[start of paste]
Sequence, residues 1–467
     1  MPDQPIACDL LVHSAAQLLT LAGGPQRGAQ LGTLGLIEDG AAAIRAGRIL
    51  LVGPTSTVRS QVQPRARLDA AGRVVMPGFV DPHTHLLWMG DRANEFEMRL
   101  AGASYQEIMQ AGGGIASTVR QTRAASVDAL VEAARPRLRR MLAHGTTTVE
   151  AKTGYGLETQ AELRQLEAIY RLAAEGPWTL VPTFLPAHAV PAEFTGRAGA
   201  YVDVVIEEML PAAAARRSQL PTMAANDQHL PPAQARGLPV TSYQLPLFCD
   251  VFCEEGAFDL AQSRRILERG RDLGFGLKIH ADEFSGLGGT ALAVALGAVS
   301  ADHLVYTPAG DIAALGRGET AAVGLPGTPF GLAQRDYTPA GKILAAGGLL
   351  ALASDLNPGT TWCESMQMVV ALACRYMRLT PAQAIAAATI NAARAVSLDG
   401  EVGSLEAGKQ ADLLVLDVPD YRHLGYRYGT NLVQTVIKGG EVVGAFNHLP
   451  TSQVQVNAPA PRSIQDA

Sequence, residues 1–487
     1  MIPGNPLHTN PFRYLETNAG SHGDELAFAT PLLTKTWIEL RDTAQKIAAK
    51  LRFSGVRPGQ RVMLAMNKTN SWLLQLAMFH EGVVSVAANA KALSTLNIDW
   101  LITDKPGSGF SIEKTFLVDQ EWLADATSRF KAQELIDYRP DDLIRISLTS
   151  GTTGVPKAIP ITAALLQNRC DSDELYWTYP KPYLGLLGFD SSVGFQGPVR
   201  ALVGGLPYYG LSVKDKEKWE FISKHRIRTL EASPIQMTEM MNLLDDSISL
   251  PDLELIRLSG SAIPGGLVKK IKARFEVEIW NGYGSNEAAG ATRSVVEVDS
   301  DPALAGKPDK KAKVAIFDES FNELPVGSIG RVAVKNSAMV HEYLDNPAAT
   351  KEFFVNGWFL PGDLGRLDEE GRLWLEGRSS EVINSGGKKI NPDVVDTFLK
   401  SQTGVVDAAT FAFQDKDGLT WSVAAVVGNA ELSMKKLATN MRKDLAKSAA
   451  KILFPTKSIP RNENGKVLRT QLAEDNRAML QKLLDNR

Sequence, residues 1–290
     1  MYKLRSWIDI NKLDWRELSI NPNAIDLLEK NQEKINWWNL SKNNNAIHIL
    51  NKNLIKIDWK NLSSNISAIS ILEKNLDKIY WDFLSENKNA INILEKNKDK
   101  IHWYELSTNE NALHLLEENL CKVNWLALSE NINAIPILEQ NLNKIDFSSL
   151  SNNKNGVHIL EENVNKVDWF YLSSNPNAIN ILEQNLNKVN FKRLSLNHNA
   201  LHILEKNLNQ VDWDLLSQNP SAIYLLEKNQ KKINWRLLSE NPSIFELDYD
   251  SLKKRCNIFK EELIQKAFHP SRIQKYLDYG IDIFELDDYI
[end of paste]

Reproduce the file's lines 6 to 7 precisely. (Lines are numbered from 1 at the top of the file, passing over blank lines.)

   201  YVDVVIEEML PAAAARRSQL PTMAANDQHL PPAQARGLPV TSYQLPLFCD
   251  VFCEEGAFDL AQSRRILERG RDLGFGLKIH ADEFSGLGGT ALAVALGAVS